CD Review: The Hunger Games Goes Deep into Appalachian Americana
Looks like we’re the first on No Depression to review the new soundtrack to the hit Hollywood movie, The Hunger Games. Sure, we’ve all been hearing about it, especially the much ballyhooed Taylor Swift/Civil Wars collaboration and the production by Americana icon T-Bone Burnett, but the album itself is a musical wonderland. Burnett’s off the leash with this one, gleefully quoting Appalachian tropes while shoving this old music into the swift currents of today’s pop Americana.
It’s ironic that the Hunger Games soundtrack is so good, since I don’t remember a single one of these songs in the film. Two of them played over the end credits, but everything else was pretty generic composed film music. Technically this is a companion album, basically made up of songs inspired by the film rather than songs played during the film. It’s ironic too, since the film isn’t that great. Hair-brained director Gary Ross made the “artistic” decision that the camera work would be entirely hand-held, close-up shots in order to mimic the “urgency” of the action. Ugggh. The filming is constantly up the actor’s faces, shaking as bad as an iPhone. It never pulls back to show scenery, or to show the bigger picture in a scene. Too bad, this could have been a great opportunity to really play up the Appalachian background of the film with beautiful vista shots and evocative staging. It’s still watchable, largely because the story is so compelling and the acting is excellent, but I got motion sickness for the first time in a movie.
The Hunger Games is supposed to be set partially in a futuristic Appalachia. The story’s heroine, Katniss Everdeen, lives in District 12, a downtrodden borderland far from the capital center, impoverished by a fascist government and shackled to the main economy: coal mining. This Appalachia-light theme is the main reason the soundtrack is so focused on Americana, and it seems the main reason the soundtrack is so fully fleshed out in album form, but not in the film. Most of the action takes place outside of District 12, so the Americana themes are mainly used in the beginning.
Anyways, enough background, the soundtrack’s the real star here. It’s not uncommon for soundtracks these days to bring together a large number of eclectic pop stars, but Burnett has a larger vision here, and manages to tie the disparate artists into a compelling whole. The album flows beautifully, and the tracks are all interesting and innovative takes on the themes of the Hunger Games. It’s Americana, but done by artists who know the genre well enough to play with its constraints. I also love how Burnett juggles the obvious constraints of working with a blockbuster Hollywood film with his own personal taste. The annoyingly bombastic and cloyingly pop song from Taylor Swift (“Eyes Open”) is clearly there for the Billboard nod (I think it charted or something, but don’t really care), but it’s immediately followed by a gorgeous and subtle song from indie darlings The Low Anthem (“Lover is Childlike”). This song’s enigmatic beauty is an amazing contrast to the lipstick pop sheen of Swift’s craptastic single. It takes guts to pull of that kind of transition in a compilation album, and Burnett nails it. He even manages to subvert pop paradigms, pulling a remarkably edgy performance from pop-rapper Kid Cudi, and then following his gritty hip-hop track with a powerfully arranged song by the Punch Brothers.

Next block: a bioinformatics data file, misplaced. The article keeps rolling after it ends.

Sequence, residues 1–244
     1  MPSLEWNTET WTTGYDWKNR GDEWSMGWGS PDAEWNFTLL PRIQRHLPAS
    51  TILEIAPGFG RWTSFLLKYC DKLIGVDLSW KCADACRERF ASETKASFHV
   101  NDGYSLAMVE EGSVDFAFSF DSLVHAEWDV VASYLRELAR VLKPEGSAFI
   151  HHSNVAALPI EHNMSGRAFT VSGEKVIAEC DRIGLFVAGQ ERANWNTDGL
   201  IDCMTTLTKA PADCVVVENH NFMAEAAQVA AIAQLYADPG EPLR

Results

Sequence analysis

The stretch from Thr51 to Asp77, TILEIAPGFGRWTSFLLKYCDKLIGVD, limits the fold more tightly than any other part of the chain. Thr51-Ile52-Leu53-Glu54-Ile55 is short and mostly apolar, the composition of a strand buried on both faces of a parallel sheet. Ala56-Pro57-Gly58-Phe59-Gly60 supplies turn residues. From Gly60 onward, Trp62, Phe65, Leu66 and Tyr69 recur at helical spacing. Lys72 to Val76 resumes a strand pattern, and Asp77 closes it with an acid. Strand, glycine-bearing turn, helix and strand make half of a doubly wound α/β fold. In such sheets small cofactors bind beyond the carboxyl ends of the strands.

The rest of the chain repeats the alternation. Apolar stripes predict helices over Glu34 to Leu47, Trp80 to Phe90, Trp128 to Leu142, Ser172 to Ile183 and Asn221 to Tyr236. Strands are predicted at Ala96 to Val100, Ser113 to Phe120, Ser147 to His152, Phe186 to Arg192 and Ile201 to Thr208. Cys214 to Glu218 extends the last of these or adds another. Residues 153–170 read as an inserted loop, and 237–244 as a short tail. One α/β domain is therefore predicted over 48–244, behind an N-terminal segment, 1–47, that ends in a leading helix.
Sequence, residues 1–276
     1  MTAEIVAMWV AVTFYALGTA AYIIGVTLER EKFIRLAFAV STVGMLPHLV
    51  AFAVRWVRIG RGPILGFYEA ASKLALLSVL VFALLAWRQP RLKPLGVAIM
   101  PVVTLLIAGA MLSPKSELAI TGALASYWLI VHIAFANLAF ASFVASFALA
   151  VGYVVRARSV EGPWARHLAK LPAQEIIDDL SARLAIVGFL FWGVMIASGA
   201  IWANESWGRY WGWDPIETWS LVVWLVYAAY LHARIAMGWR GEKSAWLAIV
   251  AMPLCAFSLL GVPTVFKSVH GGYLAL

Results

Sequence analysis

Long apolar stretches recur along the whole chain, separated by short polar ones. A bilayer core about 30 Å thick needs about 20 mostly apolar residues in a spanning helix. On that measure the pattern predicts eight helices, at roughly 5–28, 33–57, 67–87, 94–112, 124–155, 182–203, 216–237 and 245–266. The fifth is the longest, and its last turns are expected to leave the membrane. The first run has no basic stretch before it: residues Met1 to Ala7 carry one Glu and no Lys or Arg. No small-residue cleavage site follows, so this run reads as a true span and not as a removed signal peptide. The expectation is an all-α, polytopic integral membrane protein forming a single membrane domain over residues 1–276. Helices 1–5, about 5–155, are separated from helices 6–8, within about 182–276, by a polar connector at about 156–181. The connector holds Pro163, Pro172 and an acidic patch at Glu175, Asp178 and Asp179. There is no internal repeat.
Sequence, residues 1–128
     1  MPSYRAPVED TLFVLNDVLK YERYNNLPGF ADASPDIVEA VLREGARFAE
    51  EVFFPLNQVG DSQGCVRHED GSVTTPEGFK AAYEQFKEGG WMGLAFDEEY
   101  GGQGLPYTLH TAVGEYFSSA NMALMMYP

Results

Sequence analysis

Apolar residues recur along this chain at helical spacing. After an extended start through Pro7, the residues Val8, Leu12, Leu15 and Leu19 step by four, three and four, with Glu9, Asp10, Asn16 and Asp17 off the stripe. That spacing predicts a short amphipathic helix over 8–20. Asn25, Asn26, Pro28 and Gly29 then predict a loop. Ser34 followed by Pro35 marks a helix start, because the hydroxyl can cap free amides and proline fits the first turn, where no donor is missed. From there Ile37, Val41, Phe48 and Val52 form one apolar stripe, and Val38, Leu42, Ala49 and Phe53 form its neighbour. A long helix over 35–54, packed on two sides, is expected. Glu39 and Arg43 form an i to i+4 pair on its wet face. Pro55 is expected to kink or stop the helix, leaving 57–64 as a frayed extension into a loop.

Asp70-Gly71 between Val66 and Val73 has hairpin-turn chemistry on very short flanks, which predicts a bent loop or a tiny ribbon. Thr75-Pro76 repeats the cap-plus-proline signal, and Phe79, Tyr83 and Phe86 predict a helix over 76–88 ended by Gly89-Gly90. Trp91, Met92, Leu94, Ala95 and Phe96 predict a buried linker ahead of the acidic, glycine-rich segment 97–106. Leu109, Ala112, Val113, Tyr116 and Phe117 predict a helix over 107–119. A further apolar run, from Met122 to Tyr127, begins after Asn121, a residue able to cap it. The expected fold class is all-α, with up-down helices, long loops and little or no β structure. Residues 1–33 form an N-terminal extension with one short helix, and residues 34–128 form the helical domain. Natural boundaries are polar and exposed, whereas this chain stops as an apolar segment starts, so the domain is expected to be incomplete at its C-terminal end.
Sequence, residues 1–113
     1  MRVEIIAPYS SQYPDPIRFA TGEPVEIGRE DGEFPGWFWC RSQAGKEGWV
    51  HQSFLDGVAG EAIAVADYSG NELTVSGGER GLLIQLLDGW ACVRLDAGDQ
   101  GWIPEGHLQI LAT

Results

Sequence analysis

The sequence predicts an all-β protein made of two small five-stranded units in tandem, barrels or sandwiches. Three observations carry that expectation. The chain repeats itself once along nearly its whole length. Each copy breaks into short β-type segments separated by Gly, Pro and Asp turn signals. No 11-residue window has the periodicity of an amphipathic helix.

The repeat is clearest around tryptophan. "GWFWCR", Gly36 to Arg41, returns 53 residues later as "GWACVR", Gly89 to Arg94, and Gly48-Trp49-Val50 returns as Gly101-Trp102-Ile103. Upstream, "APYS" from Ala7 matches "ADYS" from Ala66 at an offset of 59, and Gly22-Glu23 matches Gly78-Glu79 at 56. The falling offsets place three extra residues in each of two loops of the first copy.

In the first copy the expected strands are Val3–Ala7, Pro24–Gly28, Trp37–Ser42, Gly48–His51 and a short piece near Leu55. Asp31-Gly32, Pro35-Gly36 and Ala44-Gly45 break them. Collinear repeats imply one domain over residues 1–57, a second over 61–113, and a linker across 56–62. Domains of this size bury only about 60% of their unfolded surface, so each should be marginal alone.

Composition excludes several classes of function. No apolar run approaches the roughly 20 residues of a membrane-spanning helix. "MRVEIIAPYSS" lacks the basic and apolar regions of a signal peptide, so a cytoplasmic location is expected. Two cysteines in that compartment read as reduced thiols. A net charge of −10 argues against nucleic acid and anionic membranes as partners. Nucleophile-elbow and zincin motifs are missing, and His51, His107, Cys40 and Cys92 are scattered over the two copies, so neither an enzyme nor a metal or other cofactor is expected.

Standout tracks (aside from the ones already mentioned) include Neko Case‘s powerful “Nothing to Remember” (what a voice!), a beautiful Appalachian ballad (“Daughter’s Lament”) from The Carolina Chocolate Drops‘ Rhiannon Giddens (she’s amazing at these slow ballads), Miranda Lambert‘s pitch perfect country track (“Run Daddy”) with the Pistol Annies, and blogosphere stars the Secret Sisters bring a cool retro vibe to their song “Tomorrow Will be Kinder.” Here’s a quick buying guide:
What to Grab on iTunes:
2. The Secret Sisters “Tomorrow Will Be Kinder”
3. Neko Case “Nothing To Remember”
4. Taylor Swift “Safe & Sound ft. The Civil Wars”
6. Punch Brothers “Dark Days”
8. The Carolina Chocolate Drops “Daughter’s Lament”
9. The Civil Wars “Kingdom Come”
12. Miranda Lambert “Run Daddy Run ft. Pistol Annies”
15. The Low Anthem “Lover Is Childlike”
What to Skip:
7. The Decemberists “One Engine”
10. Glen Hansard “Take The Heartland”
14. Taylor Swift “Eyes Open”
PS: As much as we love to hate on Taylor Swift, HUGE kudos to her and the Civil Wars for turning out a truly amazing song. We’ve been listening to “Safe & Sound” over and over and over. It’s a masterpiece!